1. Promote the Value of Natural Capital: Making the case for nature as an integral part of business operations and supply chains has been a significant part of SLP’s success. “Education on the importance of natural capital [is a priority]….It is not enough just to focus on best practice adoption,” explains John Buchanan, Senior Director and Interim Senior Vice President, Center for Environmental Leadership in Business at CI.
  1. Engage with a Broad Range of Companies: CI and its partners have also looked beyond existing private sector engagement efforts to identify promising opportunities. “We’re working with small and medium-sized palm oil companies, not those involved with RSPO or other international processes,” in order to amplify project impacts and reach companies that may be new to sustainable sourcing efforts, says Buchanan.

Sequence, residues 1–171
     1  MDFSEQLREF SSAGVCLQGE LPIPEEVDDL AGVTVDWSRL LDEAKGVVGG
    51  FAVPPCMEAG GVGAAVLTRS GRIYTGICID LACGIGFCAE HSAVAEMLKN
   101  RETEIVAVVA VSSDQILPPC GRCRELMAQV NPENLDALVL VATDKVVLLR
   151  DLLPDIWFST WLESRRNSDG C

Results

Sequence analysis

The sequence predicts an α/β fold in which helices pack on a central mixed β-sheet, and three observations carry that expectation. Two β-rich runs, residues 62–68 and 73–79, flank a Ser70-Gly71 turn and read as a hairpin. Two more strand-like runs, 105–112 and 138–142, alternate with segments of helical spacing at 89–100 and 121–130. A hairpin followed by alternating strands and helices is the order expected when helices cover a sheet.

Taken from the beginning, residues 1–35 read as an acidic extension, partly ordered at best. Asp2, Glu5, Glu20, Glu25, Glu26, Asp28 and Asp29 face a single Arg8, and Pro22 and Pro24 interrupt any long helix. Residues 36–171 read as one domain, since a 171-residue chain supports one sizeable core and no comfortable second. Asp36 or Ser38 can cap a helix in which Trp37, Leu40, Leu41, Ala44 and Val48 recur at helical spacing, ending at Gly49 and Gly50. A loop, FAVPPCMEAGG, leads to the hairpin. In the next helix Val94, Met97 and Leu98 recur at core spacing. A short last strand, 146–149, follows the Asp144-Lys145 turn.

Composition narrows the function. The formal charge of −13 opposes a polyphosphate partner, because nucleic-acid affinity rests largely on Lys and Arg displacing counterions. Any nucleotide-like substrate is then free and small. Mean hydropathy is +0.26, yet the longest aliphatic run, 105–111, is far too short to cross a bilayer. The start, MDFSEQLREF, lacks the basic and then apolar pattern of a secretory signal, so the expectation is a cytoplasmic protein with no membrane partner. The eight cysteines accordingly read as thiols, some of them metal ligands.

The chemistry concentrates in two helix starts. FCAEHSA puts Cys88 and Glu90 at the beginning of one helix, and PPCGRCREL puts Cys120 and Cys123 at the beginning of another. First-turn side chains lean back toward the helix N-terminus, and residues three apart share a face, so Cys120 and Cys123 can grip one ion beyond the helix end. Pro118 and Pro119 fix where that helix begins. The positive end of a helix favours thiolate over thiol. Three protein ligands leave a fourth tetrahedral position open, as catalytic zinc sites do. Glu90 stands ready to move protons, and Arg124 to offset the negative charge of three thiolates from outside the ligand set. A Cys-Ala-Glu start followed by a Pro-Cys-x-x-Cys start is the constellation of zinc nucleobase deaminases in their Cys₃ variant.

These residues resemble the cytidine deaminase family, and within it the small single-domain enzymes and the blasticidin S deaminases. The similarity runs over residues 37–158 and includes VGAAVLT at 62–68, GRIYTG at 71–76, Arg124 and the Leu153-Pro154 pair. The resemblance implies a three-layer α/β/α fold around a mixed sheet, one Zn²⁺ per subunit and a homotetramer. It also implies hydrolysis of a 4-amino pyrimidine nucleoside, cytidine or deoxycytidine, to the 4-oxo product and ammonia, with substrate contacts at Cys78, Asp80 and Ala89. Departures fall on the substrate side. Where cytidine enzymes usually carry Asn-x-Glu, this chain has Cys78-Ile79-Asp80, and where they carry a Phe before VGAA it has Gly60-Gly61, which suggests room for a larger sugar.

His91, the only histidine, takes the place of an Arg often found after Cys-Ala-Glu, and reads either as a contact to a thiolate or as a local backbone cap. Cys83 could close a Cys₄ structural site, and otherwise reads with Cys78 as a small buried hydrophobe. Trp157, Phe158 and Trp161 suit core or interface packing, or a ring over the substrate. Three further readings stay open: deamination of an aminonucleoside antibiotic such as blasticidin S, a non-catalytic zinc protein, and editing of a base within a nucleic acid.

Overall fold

1. Develop Creative Financing Opportunities: Securing sustainable finance for landscape efforts has emerged as a key issue for further exploration. CI will collaborate with the private sector to create innovative financing models that value ecosystem services and natural capital. CI’s report, Ecosystem Finance: Innovative Solutions for Lasting Conservation, was developed to advance the dialogue around this key issue with financial institutions and other partners.